Presentation on theme: "Changing and Emerging Issues for Immigrant Seniors Douglas Durst, Ph.D. Faculty of Social Work, University of Regina Feb. 17.10"— Presentation transcript:
Changing and Emerging Issues for Immigrant Seniors Douglas Durst, Ph.D. Faculty of Social Work, University of Regina Feb. 17.10 email@example.com
Chronological Age over 65: the young-old (65 to 75/80), the old-old (75/80 to 90) and the very-old or frail old (over 85/90).
Complexity in Research of Immigrant Elderly Recent Immigrant Elderly Immigrants who aged in Canada Class of Immigrant (Family Class) Minority Status – Visible and Invisible Mother Language
Frameworks in Gerontological Research Multiple Jeopardy Levelling: Converging of Indicators Life Course Perspective
Current Canadian Situation 14% of population over 65 yrs. Over 1.1 million are 80+ yrs. Provincial variations Elderly population increasing More women than men –Census 2006
Immigrant Seniors 20% of all Foreign-born are seniors Higher than the national average (14%) 31% of European Immigrants are 65+ 13% of Immigrants from Eastern Asia are over 65 Immigrants are an aging population –Census 2006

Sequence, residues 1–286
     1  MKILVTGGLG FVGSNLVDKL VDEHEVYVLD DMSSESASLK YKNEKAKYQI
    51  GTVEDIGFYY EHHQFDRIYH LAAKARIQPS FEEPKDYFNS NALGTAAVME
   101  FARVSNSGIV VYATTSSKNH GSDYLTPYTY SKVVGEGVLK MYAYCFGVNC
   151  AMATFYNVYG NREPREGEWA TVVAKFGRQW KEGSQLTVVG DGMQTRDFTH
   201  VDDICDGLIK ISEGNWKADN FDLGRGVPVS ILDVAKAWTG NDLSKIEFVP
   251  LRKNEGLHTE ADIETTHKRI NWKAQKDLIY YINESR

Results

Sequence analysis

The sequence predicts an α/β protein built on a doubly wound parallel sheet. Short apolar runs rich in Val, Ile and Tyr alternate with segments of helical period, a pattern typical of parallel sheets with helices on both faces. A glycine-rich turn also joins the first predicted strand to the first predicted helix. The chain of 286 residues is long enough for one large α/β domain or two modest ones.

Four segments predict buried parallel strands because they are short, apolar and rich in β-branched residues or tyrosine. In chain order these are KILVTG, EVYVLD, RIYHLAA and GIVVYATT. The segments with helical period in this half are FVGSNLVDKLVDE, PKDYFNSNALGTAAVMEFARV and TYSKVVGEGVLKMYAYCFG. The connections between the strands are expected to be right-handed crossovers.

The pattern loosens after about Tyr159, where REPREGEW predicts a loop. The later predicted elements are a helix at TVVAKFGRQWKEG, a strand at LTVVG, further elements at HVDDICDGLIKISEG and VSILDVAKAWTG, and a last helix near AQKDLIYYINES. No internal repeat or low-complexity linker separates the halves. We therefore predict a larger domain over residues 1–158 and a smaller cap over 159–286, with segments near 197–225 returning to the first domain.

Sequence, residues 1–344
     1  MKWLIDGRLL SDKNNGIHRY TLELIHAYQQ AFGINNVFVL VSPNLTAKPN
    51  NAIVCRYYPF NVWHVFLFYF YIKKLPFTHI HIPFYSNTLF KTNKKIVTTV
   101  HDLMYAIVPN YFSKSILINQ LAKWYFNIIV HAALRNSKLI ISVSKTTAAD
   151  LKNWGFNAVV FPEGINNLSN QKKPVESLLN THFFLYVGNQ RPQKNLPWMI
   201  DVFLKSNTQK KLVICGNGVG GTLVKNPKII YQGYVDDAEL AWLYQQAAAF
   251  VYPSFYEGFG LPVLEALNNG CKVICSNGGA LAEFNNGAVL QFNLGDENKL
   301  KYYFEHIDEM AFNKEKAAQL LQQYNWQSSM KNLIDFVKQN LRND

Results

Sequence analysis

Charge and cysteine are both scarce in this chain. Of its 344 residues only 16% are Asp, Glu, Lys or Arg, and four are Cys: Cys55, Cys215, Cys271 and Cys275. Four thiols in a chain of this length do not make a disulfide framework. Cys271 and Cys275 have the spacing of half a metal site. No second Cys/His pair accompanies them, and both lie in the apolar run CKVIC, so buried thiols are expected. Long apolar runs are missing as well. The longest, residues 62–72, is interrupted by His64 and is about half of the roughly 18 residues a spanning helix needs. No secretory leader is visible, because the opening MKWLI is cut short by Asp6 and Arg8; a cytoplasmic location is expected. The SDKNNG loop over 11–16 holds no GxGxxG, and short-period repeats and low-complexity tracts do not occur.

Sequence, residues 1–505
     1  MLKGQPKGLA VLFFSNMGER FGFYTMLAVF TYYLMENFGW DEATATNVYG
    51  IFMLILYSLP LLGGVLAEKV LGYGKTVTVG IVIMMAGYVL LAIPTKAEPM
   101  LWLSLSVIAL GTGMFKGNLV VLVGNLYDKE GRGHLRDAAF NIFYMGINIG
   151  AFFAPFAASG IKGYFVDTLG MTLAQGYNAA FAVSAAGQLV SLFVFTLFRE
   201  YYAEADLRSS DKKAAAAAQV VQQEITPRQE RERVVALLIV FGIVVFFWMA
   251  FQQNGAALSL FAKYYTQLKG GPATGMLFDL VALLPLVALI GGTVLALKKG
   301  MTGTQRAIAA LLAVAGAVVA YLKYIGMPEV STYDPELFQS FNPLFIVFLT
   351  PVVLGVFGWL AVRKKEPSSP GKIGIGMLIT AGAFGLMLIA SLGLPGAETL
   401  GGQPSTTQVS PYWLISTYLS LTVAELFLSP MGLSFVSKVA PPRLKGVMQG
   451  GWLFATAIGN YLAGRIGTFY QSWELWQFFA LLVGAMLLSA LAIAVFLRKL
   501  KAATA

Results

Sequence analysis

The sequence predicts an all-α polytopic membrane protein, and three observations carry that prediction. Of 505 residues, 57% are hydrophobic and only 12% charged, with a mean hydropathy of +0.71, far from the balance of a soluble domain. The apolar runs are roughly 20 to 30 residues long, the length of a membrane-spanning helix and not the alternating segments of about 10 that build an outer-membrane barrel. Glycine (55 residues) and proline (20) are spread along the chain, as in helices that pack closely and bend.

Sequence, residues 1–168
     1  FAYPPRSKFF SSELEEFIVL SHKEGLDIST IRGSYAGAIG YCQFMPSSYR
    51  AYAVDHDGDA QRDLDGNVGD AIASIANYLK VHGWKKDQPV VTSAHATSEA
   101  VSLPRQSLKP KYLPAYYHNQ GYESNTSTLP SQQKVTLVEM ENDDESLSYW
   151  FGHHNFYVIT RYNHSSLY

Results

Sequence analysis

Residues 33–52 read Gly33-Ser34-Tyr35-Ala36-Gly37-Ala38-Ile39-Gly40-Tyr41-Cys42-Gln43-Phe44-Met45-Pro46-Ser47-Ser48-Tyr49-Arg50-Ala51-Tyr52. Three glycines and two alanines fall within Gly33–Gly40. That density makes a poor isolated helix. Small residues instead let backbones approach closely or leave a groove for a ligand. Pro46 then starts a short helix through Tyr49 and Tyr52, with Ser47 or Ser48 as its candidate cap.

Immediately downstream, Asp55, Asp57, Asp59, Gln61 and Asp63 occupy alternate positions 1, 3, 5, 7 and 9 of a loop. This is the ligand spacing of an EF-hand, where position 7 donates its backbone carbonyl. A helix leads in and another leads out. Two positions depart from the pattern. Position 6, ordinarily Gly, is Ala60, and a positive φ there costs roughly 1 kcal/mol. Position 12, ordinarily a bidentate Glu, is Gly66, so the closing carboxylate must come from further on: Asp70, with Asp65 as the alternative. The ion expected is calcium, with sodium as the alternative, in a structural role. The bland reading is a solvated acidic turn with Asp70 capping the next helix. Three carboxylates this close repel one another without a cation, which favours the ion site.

Canadian Seniors Population 30% of all seniors are Foreign-born (up from 17% in 1981) 19% of all seniors are from Europe 7% of all seniors are from Asia Over 9% of seniors are visible minorities (up form 6% in 1996) –Census 2006
Senior Immigrants by Continent 64% from Europe 23% from Asia (10% Chinese, 7% India) 4% from U.S.A. 4% from Caribbean 3% from Africa 2% from Central and South America
Issues and Developing Needs Changing cultural values: Filial Responsibilities and Independent Living Empowerment and Decision Making Potential Community Resource Information Sharing Culturally sensitive policy and services Emerging Research Needs
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